Fashion Weeks

The charm of couture conquers Paris with Chanel, Armani Privé and Givenchy

The rue Cambon fashion house is inspired by the years of Coco mademoiselle spent in an orphanage, while for the brand designed by Clare Waight Keller the fil rouge is the work of the founder in the 50s. And Giorgio Armani is inspired by Ikat and oriental exoticism
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Chanel and Mademoiselle's childhood

 All around Spartan benches and in the background the sound of the children playing. For Virginie Viard, Chanel's couture becomes a journey to the roots of Mademoiselle Gabrielle Coco Chanel and especially the years of Aubazine, or the abbey-orphanage where Chanel spent part of her childhood. And those years became the starting point to tell: "In the dialogue between the world of haute couture and the great simplicity of that moment in Chanel's life". The show was a game of reference between pauperism and luxury. The silhouettes are simple, in linear dresses or in understated blouses, in small jackets or in dresses that look like aprons. But the processes, the embroideries and the fabrics are pure atelier. On the feet, patent leather and cotton socks. Evening dresses inflated with tulle and tunics with disarming simplicity, veiled by sheets of tulle. The same register paints the bride-girl, dressed as an educand and with a little one to decorate the bun.


The exoticism of Armani Privé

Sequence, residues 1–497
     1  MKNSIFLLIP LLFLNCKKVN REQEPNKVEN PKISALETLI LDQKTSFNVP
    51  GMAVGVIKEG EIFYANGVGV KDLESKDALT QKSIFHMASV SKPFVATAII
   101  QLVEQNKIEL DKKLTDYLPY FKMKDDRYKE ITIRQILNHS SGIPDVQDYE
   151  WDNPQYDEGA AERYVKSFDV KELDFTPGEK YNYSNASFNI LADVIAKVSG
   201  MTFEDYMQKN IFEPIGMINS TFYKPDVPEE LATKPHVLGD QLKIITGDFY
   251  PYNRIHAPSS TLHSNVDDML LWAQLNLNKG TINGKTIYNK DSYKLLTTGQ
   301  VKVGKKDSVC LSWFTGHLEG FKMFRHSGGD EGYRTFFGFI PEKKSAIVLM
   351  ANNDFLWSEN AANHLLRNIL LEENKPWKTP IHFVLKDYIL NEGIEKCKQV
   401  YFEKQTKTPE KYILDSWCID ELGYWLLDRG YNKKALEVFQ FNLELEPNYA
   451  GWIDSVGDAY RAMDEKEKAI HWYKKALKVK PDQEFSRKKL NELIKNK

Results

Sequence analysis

Ikat is a  special yarn dyeing process that has become a symbol of Malaysian and Indonesian culture. Giorgio Armani starts right here for his Armani Privé and is fascinated by the Orient starting from: "Those three jackets made of ikat, which I had paraded for the spring-summer 1990 collection". And then the couture of spring-summer 2020 becomes a crescendo of colours and preciousness. There was a symphony of twinkling crystals, painted organza and silks transformed into paintings. And special colours, from peacock green to bougainvillea, from electric blue to ruby. Between trouser suits with small jackets and underneath that shout an exotic fairy tales and evening dresses dressed in light, where the beaded fringes compose abstract puzzles of evocative fantasies. 


The tribute to Monsieur Hubert of Givenchy

"I wanted to pay homage to the work of monsieur Hubert de Givenchy, to his creations from the early 1950s, to the incredible work he carried out by telling the silhouette of women". Clare Waight Keller starts from here to tell the triumphant high fashion brought on the catwalk for Givenchy. Inspiration is love. But also the gardens that Monsieur Hubert loved, like that of his summer residence, Clos Fiorentina, in the south of France. The result of this meeting parades through the columns of the Couvent de cordeliers where a floating chamber orchestra hangs. That marks the steps of the girls wearing monumental creations. Skirts embroidered with 3D flowers with long trains. Hoods with shoulders dressed in towering horsehair. Tunics that become architectural ruffle bushes. But also immaculate robes carved in lace or floating peplums with extreme colors. But to frame the face are the hats: giant parables of layered organza that tell the charm of a diva of the past. And that accompany the ball gowns but also the bride dressed in virginal lace.


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